Christian author, Kathi Macias, is an Angel-award winning writer who has authored or co-authored nearly thirty books. In 2008, Kathi won the prestigous member of the year award from AWSA (Advanced Writers and Speakers Association) at the annual Golden Scrolls award banquet. Kathi “Easy Writer” Macias lives in Homeland, CA, with her husband, Al, where the two of them spend their free time riding their Harley.
Please tell us about My Son John.
My Son, John was twenty years in the research/writing/publishing stage. I first thought of it in a slightly different context, when AIDS was just beginning to be talked about here in this country. The original story was to be about a young man who gets AIDS, and it would be his family’s first revelation of his homosexual lifestyle. The message was the same then as it is now, with the need for unconditional love and forgiveness running throughout the story. However, I was unable to find a publisher then. Christian publishers thought it was too edgy, while secular publishers thought it was too religious. So when I got it out and dusted it off a couple of years ago, my publisher and I agreed it needed a “facelift.” We maintained the thread/theme of unconditional love and forgiveness, but the story changed to a woman whose mother is murdered—and then her son is arrested for the crime. My many years of serving in jail and prison ministries had a great impact on the telling of the story.
Where do you get the ideas for your novels?
I always say that I have tons of ideas; the problem is sorting through them and deciding which are worth pursuing. Some stand the test of time and prayer; others don’t, and that’s all right. In the case of My Son, John, the desire to tell the basic story never left me, but the details of the story got tweaked over the years. I’ve had that happen with other novels as well. I have a starting point and a desired ending place, but sometimes the “in between” gets changed around a bit. As for the origination of the ideas, I believe everything creative comes from the Creator; it’s what we choose to do with what He gives us that decides the outcome.
Tell us how you come up with characters for your books.
All my stories are character-driven, meaning that the storyline unfolds through their lives. Some authors write plot-driven stories, meaning that they add characters to the story to make the plot happen. Characters are paramount to my stories, as I want my readers to identify with them, to care what happens to them, to feel what they feel and think what they think, to the point that they nearly experience what they experience. That’s the type of story I enjoy reading, so I want to write that way for my readers. My experience in drama classes helps me develop three-dimensional characters that breathe; I spend a lot of time on that aspect of my books. If the characters aren’t believable to me, they won’t be to others either.
How did you get involved in writing?
I’ve always been a dyed-in-the-wool bookworm. Put words in front of me—whether on a book page, a newspaper, or a cereal box—and I start reading them. I wrote a story in the third grade, and the teacher and principal liked it so well they turned it into a play for the PTA. I was hooked! Then I won lots of awards for my writing during junior/senior high, and when we were teenagers, I told my then boyfriend (now husband) that I was going to be a writer some day. It took several years to break into print, but it finally happened, and he still reminds me of that to this day.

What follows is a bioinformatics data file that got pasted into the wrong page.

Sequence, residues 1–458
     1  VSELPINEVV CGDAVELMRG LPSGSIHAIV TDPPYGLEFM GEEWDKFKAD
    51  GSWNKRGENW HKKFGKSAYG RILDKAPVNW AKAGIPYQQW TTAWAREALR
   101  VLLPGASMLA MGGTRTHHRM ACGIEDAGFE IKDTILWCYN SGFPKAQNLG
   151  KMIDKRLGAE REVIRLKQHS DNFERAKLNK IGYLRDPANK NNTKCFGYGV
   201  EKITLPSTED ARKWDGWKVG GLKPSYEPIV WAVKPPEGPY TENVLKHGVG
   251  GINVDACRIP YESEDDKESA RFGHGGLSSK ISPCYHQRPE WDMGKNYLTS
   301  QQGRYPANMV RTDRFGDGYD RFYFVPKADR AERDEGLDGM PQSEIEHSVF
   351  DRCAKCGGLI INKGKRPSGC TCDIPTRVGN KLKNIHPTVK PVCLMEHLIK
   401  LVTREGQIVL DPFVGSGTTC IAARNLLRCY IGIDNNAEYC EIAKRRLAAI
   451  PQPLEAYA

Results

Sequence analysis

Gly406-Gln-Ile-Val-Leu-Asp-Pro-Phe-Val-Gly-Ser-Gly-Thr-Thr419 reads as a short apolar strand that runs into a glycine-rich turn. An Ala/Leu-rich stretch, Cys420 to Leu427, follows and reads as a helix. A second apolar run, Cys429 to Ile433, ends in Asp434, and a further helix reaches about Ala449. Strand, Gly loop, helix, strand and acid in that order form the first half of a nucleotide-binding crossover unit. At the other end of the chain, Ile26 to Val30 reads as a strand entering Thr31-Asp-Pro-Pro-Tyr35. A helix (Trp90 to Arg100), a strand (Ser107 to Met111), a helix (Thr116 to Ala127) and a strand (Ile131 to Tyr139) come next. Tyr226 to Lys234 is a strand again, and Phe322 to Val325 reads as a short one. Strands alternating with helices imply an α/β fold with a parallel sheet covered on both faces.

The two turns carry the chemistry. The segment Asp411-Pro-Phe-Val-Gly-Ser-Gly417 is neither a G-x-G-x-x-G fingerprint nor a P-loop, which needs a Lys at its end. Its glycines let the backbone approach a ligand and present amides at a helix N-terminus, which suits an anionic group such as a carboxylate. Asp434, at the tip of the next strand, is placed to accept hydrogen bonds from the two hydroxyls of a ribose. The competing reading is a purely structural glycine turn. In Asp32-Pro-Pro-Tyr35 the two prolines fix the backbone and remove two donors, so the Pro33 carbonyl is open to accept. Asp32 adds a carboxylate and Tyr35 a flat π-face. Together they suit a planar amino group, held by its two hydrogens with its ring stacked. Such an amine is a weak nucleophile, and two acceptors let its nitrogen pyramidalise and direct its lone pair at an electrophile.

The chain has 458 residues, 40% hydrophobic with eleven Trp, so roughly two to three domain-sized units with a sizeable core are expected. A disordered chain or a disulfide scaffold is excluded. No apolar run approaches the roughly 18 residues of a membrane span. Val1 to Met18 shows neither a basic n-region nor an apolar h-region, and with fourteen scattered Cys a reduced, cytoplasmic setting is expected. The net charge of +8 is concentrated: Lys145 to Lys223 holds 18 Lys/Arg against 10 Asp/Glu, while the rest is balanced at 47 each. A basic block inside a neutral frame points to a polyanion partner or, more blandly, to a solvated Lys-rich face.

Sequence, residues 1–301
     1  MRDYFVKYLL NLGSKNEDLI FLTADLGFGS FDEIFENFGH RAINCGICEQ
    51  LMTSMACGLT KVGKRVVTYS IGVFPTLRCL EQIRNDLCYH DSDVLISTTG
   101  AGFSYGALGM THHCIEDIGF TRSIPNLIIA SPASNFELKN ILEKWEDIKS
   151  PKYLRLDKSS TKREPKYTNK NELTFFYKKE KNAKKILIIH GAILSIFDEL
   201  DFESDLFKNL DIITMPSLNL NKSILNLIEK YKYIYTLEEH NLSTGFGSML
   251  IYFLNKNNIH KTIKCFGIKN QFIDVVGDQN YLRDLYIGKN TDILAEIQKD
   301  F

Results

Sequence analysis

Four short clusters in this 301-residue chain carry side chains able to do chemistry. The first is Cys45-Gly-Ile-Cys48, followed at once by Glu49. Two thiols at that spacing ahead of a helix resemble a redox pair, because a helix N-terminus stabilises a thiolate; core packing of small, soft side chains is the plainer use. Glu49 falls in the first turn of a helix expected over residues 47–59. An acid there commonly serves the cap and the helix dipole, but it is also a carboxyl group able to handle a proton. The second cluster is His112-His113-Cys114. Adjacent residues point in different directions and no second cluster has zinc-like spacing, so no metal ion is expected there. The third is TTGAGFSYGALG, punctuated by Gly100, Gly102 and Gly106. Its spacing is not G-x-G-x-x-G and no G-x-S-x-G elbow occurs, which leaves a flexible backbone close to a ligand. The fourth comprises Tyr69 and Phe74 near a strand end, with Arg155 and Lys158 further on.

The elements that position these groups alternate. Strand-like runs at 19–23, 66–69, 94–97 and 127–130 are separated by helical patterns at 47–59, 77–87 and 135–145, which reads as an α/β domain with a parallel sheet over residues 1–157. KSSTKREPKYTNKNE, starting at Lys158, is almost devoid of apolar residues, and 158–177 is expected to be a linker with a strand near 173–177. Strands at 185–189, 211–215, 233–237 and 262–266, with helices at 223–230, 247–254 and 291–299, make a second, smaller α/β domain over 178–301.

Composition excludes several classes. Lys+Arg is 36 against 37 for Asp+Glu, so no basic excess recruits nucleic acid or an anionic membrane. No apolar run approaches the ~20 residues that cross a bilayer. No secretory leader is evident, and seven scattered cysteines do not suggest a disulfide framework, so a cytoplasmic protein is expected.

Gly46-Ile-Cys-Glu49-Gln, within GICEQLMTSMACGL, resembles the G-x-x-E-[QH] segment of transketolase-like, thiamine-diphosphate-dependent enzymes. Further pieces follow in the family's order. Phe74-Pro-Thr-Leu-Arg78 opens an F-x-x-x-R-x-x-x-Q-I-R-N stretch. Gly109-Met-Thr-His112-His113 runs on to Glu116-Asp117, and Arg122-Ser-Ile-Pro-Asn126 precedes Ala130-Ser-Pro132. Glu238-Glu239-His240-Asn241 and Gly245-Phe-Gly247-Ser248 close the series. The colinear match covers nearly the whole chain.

What do you enjoy most about the writing process?
I like the days when I actually get to write—meaning, not edit or do phone interviews or answer email or… Well, you get the picture. I really get lost in the writing process, and so love it as I see scenes and stories come to life.
Of the books you’ve written, which is your favorite and why?
This is tough, because my favorite is usually whichever book I’m working on at the time. Seriously, though, of my books released to date, My Son John is my favorite fiction work, and Beyond Me is my favorite nonfiction, though there are others that run close seconds in both categories. And the novel I’ve just completed for early 2010 release, No Greater Love, is dangerously close to displacing My Son John as my favorite fiction accomplishment. Why? My Son John and No Greater Love have such a deep, underlying message of self-sacrificing love; as a result, you can’t help but see Jesus in the midst of them. As for Beyond Me, the subtitle says it all: Living a You-First Life in a Me-First World. Beyond Me living is at the heart of everything I write/speak/teach/preach. It is, I believe, the life God has called us all as believers to model every day.
With which of you characters do you identify with the most and why?
Though thankfully I’ve never had to go through what Liz experiences in My Son, John, I relate most to her, as I know what it’s like to pray for a prodigal and, at times, to despair that he/she will ever return to the fold. A mother’s heart is fertile fodder for all sorts of writing!
What are you currently writing?
I am currently working on book two of the Extreme Devotion fiction series for New Hope Publishers (their first-ever venture into fiction). It is called More Than Conquerors and is set in Mexico. It will follow right on the heels of No Greater Love, set in South Africa, just prior to the release of Nelson Mandela and the fall of Apartheid. Book three, Red Ink, will be set in China, and book four, People of the Book, in Saudi Arabia. I am also working with my co-author, Susan Wales, on a stand-alone historical novel called First Allegiance for Abingdon Press. All will release between early 2010 and early 2011.
My Son John
Sheaf House Publishers
ISBN – 0979748542
Paperback, 176 pp,, $12.99
Available at CBD, Amazon.com, Barnes & Noble, and local Christian retailers
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